Sullivan survives Sarah’s suit


“The law here sets a very high standard. The court finds that that standard has not been met.”

— Jed Rakoff, U.S. District Judge

“It was devastating to read a false accusation that I had anything to do with murder.”

— Sarah Palin

On June 14, 2017, the Republican Congressional baseball team met on a field in Alexandria, Virginia, to practice for an upcoming game against their Democratic counterparts — a charity event that had been held since 1909. Among those gathered were senators Jeff Flake and Rand Paul, and a dozen members of the House of Representatives, including Ohio’s Brad Wenstrup — a doctor by trade.

Generally, the U.S. Captiol Police would not be on hand for such an event, but Majority Whip Steve Scalise was on the team, and his position in House leadership meant that they were present. Approximately 30 minutes into the practice, a crazed Illinois man who had prior charges for violent offenses, entered the field near the third base dugout and began shooting with a rifle and a 9 mm handgun.

Capitol Police officers immediately returned fire, pinning the shooter down and eventually killing him. Rep. Scalise, of Louisiana, and a congressional staffer had both been hit. Rep. Mo Brooks used his belt as a tourniquet for the injured staffer, and Dr. Wenstrup — who had service with the Army’s 344th Combat Support Hospital — provided aid. Scalise and Mike Mika, a Tyson Foods lobbyist, were most seriously injured, but both recovered following surgery. Officer Crystal Griner and Zach Barth, the legislative aide, were both treated for gunshot wounds and released. There were other, minor, non-gunshot injuries.

The shooting led the New York Times to run an editorial about political polarization and the nature of political rhetoric. But the Times did not yet know the identity of the shooter or what the shooter’s motives were. Among other things, the Times editorial tied acts of political violence to an ad run by Sarah Palin’s political action committee in 2010 that showed crosshairs over the congressional districts of 18 Democrats that the PAC was targeting for defeat.

A short time later, it became known that the shooter was a former volunteer for the Illinois office of the campaign of Sen. Bernie Sanders, and that his home contained research about Republican congressional leaders and writings railing against Donald Trump and Trump’s affect on American politics. Simply put, the Times had made a mistake tying the event to Palin. They issued a retraction and an apology, but Palin sued for libel.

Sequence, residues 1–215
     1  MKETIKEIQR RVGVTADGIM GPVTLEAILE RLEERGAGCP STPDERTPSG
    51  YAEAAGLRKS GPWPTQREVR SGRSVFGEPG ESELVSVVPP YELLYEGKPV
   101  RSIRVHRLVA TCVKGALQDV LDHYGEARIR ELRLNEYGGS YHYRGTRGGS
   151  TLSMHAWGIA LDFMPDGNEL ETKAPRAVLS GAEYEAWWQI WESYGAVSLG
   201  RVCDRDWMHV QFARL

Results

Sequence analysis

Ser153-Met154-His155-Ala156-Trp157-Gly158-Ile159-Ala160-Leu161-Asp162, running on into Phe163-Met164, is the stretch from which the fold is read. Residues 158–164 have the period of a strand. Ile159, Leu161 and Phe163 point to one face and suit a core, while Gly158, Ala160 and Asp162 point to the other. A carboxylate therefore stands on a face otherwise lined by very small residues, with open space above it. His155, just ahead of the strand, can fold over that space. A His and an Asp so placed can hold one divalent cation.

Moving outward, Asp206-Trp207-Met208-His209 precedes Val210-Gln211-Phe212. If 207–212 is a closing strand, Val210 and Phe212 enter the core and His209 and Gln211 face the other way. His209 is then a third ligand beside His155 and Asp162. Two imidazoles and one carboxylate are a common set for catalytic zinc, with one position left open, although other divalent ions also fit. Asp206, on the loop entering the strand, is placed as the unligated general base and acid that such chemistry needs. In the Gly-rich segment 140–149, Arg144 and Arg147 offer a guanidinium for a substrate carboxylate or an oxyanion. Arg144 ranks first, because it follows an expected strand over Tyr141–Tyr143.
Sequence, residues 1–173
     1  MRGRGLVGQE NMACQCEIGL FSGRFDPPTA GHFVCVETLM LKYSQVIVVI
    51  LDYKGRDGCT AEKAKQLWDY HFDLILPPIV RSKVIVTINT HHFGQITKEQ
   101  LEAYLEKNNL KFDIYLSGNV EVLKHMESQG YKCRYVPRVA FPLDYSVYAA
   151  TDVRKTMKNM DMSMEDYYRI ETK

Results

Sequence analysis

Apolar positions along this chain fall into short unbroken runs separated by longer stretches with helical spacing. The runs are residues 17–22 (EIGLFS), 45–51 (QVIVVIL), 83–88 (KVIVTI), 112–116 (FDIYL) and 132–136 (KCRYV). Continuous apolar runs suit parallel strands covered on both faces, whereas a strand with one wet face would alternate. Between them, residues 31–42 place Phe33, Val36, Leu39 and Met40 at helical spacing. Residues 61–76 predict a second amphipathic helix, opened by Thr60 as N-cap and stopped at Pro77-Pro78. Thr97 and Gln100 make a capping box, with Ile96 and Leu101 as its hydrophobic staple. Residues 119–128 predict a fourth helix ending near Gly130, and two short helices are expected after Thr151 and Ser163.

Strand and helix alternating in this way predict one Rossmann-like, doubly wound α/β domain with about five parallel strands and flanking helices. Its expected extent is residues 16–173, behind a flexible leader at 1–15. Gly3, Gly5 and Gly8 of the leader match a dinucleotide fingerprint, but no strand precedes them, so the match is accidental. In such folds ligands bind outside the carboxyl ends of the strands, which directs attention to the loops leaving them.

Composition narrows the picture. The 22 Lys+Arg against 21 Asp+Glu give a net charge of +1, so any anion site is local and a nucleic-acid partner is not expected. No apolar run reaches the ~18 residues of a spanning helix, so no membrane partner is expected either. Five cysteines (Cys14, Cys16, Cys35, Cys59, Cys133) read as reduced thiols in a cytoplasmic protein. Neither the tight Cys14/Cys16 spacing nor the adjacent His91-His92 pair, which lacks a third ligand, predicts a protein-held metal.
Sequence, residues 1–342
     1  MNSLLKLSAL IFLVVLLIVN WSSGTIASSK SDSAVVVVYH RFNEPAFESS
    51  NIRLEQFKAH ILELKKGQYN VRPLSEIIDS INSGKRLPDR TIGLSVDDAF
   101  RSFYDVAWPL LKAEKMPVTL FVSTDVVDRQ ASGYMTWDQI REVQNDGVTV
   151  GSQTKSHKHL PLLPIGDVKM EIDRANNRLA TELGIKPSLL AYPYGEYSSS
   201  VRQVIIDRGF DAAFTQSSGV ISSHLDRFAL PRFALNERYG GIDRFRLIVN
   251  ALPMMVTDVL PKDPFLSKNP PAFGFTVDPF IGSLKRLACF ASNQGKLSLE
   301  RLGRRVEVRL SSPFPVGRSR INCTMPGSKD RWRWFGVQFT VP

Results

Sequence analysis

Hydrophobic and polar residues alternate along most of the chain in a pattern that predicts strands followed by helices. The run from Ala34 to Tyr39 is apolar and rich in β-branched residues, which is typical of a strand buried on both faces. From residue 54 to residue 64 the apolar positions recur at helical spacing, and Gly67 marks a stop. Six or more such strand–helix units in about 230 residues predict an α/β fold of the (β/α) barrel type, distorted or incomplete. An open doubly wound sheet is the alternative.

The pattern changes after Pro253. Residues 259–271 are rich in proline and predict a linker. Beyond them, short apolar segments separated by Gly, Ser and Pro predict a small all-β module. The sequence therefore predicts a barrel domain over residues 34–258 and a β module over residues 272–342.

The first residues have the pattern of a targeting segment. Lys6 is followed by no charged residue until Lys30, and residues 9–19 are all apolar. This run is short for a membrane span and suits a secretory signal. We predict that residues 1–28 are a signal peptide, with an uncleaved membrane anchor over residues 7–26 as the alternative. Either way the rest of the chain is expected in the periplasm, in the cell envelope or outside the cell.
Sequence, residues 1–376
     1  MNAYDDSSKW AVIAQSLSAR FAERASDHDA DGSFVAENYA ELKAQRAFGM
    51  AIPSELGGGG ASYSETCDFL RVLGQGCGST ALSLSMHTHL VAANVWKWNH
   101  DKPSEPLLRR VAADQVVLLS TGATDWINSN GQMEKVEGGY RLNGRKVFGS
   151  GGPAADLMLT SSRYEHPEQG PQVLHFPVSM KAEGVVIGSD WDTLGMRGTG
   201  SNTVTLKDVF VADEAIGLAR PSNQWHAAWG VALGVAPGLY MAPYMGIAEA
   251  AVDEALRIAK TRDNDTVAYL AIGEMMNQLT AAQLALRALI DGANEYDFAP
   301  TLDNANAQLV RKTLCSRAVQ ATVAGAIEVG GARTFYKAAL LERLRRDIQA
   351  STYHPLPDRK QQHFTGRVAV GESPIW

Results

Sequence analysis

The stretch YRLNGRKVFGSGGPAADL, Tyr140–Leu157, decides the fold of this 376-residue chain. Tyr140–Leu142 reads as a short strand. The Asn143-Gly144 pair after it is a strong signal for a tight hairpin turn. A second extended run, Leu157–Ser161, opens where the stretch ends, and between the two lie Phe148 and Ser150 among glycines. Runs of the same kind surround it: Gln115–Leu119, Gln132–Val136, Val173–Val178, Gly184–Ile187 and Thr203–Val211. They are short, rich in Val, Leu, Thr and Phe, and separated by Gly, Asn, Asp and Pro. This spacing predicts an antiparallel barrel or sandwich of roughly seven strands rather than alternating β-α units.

The landmark libel case in the United States is a 1960 U.S. Supreme Court decision also involving the New York Times — N.Y. Times v. Sullivan. The court’s decision was unanimous and in favor of the Times. It created a standard for libel of public figures that is very different from that of many European nations. The standard it created is sometimes referred to as the “Actual Malice” rule. In order for a public figure to prevail against anyone for allegedly libelous statements, the public figure must prove that source of the statements either had actual knowledge that the information was false, or that it recklessly disregarded the truth.

Who qualifies as a “public figure” has been sorted out by subsequent cases, but the “actual malice” rule has come under fire from some legal scholars and, in some very public speeches, by Supreme Court Justice Clarence Thomas. First Amendment lawyers have been closely watching the Palin case for that reason — to see if the Sullivan case would survive, or if the phrase “actual malice” would get different treatment.

In the end, which came on Tuesday of this week, Sullivan remained entirely intact, and no clearer than it was before — at least for now. The case was submitted to the jury on Monday, but immediately after it was, the judge announced that, regardless of the findings the jury made as to the facts, he was going to make a legal ruling that Palin’s lawyers did not establish actual malice. That is, that the Times editorial staff was hasty and flat wrong, but that they did not know that they were wrong at the time, corrected the error once they did, and did not act out of malice toward Palin. The jury came back on Tuesday and ruled in favor of the Times, meaning that they won based both on the facts, and the law.

The former governor’s lawyers will almost certainly appeal and a federal appeals court may be more likely to delve into whether the holding in the Sullivan case needs to be tinkered with in light of the 24-hour news cycle of today. But for now, Sullivan stands and the actual malice rule remains the law of the land.

By David Hejmanowski

Case Study

David Hejmanowski is judge of the Probate/Juvenile Division of the Delaware County Court of Common Pleas, where he has served as magistrate, court administrator, and now judge, since 2003. He has written a weekly column on law and history for The Gazette since 2005.

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